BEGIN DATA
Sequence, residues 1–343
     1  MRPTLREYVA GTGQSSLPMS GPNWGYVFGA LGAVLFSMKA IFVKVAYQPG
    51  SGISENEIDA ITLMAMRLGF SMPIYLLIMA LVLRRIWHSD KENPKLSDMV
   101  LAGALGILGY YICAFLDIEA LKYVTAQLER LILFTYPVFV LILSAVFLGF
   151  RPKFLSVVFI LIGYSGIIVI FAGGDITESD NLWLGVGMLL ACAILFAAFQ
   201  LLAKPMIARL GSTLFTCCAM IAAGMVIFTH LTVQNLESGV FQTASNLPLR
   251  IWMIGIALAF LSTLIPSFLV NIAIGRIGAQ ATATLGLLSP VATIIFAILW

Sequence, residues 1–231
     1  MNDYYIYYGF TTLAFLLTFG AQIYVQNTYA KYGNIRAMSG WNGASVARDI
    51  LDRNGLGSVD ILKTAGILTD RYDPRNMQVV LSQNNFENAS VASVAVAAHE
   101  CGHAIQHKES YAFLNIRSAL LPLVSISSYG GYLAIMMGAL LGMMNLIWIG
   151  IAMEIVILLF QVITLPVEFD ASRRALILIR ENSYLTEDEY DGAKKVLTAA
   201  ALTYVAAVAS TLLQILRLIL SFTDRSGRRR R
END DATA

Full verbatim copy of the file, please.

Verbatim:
Sequence, residues 1–343
     1  MRPTLREYVA GTGQSSLPMS GPNWGYVFGA LGAVLFSMKA IFVKVAYQPG
    51  SGISENEIDA ITLMAMRLGF SMPIYLLIMA LVLRRIWHSD KENPKLSDMV
   101  LAGALGILGY YICAFLDIEA LKYVTAQLER LILFTYPVFV LILSAVFLGF
   151  RPKFLSVVFI LIGYSGIIVI FAGGDITESD NLWLGVGMLL ACAILFAAFQ
   201  LLAKPMIARL GSTLFTCCAM IAAGMVIFTH LTVQNLESGV FQTASNLPLR
   251  IWMIGIALAF LSTLIPSFLV NIAIGRIGAQ ATATLGLLSP VATIIFAILW

Sequence, residues 1–231
     1  MNDYYIYYGF TTLAFLLTFG AQIYVQNTYA KYGNIRAMSG WNGASVARDI
    51  LDRNGLGSVD ILKTAGILTD RYDPRNMQVV LSQNNFENAS VASVAVAAHE
   101  CGHAIQHKES YAFLNIRSAL LPLVSISSYG GYLAIMMGAL LGMMNLIWIG
   151  IAMEIVILLF QVITLPVEFD ASRRALILIR ENSYLTEDEY DGAKKVLTAA
   201  ALTYVAAVAS TLLQILRLIL SFTDRSGRRR R